Activity: Talk or presentation › Lecture and oral contribution
Constraint Handling Rules, CHR, is a nondeterministic programming language whose programs consists of rewrite rules over program states, and being able to show confluence may be an important part of a program correctness proof. In fact, most CHR implementations are deterministic, yet confluence is useful as the programmer does not need to consider the details of the underlying execution strategy.
The initial results on proving confluence in CHR, developed during to the 1990s, were formulated with respect to a logic-based semantics. This choice gave elegant proofs based on the Critical Pair Theorem and Newman's lemma but can only describe a limited class of programs, namely logical (and terminating) programs.
It can be argued that invariants and confluence modulo equivalence are important from a practical point of view. Most programs are developed with a particular set of initial queries in mind, which reduces the set of reachable states. Therefore, taking the induced invariant into account makes a much larger class of programs confluent. Confluence modulo equivalence is a generalization where forked states must reach equivalent states, rather than a common state. For instance, a program may produce redundant data structures such as representing sets as lists, and the equivalence states that the order of the elements does not matter. Both the invariant and the equivalence relation may be tailored for the individual program.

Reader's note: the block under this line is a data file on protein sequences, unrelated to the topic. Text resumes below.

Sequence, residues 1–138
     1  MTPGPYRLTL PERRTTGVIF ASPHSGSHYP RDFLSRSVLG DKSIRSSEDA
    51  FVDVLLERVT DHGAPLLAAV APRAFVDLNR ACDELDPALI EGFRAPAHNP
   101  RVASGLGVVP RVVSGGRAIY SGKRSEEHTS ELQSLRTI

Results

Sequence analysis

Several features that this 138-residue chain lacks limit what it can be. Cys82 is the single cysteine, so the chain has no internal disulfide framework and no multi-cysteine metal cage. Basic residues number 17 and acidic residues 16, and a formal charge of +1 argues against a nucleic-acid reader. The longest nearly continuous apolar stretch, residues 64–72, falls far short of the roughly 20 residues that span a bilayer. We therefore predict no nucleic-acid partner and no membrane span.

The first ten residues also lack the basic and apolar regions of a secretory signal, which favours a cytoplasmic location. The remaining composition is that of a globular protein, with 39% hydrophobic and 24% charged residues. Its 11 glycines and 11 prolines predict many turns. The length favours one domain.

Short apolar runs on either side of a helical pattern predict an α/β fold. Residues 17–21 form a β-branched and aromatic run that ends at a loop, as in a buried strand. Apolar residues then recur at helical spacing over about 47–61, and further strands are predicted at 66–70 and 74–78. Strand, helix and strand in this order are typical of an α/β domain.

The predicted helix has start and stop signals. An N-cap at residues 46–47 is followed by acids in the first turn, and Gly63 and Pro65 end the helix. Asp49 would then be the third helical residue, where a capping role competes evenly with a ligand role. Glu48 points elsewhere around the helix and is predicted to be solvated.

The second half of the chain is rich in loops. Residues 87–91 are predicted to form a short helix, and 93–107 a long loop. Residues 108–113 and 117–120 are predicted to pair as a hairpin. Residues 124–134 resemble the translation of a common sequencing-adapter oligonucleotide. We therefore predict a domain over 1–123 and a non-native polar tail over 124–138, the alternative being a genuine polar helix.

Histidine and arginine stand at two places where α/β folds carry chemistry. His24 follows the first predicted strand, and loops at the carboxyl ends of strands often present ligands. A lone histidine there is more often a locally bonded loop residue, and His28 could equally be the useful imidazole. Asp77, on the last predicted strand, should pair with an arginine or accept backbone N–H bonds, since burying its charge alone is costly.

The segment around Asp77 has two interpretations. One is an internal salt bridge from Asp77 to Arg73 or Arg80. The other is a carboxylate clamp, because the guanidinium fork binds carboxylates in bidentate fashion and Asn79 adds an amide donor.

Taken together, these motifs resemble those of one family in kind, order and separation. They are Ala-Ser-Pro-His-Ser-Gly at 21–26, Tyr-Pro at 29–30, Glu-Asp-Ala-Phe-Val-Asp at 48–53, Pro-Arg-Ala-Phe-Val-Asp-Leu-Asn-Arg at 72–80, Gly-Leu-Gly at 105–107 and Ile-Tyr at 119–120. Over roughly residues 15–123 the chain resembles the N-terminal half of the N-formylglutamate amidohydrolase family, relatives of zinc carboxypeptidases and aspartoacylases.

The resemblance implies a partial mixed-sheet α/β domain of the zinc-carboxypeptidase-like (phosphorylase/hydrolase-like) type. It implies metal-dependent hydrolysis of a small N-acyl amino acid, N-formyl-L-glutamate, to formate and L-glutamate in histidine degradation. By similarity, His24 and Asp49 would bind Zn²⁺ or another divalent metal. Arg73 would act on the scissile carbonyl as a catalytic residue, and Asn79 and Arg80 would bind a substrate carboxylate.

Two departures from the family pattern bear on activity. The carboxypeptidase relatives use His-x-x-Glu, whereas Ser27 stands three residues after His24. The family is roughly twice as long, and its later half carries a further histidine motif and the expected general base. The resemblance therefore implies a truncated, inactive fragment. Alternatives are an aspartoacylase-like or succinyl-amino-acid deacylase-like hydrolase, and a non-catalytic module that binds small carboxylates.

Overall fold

In our recent work, we have extended previous methods for proving confluence to include invariants and confluence modulo equivalence. We have focused on a more realistic semantics that reflects the de-facto standard implementations of CHR upon Prolog, including a correct treatment of Prolog's non-logical devices (e.g., var/1, nonvar/1, is/2) and runtime errors. As part of this, we developed a notion of abstract simulations that may be interesting also for other kinds of transition and rewriting systems. The classical critical pair constructions are generalized, having the transition system of interest simulated by another meta-level system (rather that reusing the system itself). This is useful especially for invariants and state equivalences that - by nature - are meta-level statements that typically cannot be expressed in the original system